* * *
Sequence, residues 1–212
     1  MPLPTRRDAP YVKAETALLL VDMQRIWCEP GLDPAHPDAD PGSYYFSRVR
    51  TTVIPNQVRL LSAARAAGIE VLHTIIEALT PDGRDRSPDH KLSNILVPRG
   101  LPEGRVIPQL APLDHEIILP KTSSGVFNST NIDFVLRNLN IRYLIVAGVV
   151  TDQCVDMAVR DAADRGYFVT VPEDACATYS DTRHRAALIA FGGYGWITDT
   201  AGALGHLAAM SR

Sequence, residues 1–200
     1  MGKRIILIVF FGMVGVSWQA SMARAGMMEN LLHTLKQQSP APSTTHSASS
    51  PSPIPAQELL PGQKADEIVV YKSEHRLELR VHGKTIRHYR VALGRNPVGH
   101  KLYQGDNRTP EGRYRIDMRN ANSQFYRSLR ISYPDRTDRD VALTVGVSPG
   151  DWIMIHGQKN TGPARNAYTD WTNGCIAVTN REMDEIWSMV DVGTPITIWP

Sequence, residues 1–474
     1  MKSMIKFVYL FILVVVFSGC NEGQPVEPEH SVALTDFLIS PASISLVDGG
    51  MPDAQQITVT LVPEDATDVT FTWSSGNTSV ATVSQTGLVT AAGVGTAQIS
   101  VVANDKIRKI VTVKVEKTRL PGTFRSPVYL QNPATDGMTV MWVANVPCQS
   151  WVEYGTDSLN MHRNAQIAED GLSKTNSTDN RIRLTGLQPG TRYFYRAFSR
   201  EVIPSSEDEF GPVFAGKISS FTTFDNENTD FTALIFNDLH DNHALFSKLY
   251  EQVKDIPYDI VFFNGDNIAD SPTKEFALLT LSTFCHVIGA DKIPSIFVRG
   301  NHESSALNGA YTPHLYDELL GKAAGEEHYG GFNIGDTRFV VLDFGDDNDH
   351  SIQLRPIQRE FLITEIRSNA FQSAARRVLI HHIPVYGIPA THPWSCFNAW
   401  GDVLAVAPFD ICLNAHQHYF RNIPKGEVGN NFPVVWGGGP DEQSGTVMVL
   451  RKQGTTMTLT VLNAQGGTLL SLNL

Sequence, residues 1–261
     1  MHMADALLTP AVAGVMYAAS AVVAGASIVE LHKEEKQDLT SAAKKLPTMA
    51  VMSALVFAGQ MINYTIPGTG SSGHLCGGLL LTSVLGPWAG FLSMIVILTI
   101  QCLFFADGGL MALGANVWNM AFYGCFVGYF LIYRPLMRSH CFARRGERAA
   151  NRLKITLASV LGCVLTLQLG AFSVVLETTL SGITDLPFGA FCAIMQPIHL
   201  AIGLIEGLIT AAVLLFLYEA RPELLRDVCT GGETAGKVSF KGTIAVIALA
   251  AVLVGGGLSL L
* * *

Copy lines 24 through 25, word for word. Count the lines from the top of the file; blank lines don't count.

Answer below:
     1  MHMADALLTP AVAGVMYAAS AVVAGASIVE LHKEEKQDLT SAAKKLPTMA
    51  VMSALVFAGQ MINYTIPGTG SSGHLCGGLL LTSVLGPWAG FLSMIVILTI